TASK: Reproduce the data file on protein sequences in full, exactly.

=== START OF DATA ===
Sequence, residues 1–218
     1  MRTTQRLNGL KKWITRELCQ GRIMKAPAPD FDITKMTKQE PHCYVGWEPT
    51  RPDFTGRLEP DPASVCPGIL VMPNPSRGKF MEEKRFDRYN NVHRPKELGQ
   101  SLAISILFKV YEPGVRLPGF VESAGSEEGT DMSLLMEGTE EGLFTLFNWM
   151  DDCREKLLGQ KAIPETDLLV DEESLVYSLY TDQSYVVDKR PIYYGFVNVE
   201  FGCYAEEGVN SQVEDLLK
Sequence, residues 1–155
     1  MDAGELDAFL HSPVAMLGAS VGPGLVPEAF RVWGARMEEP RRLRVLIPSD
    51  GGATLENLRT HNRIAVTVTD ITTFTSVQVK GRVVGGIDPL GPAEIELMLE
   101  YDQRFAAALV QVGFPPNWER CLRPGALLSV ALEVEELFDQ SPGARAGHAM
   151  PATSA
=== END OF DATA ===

Sequence, residues 1–218
     1  MRTTQRLNGL KKWITRELCQ GRIMKAPAPD FDITKMTKQE PHCYVGWEPT
    51  RPDFTGRLEP DPASVCPGIL VMPNPSRGKF MEEKRFDRYN NVHRPKELGQ
   101  SLAISILFKV YEPGVRLPGF VESAGSEEGT DMSLLMEGTE EGLFTLFNWM
   151  DDCREKLLGQ KAIPETDLLV DEESLVYSLY TDQSYVVDKR PIYYGFVNVE
   201  FGCYAEEGVN SQVEDLLK
Sequence, residues 1–155
     1  MDAGELDAFL HSPVAMLGAS VGPGLVPEAF RVWGARMEEP RRLRVLIPSD
    51  GGATLENLRT HNRIAVTVTD ITTFTSVQVK GRVVGGIDPL GPAEIELMLE
   101  YDQRFAAALV QVGFPPNWER CLRPGALLSV ALEVEELFDQ SPGARAGHAM
   151  PATSA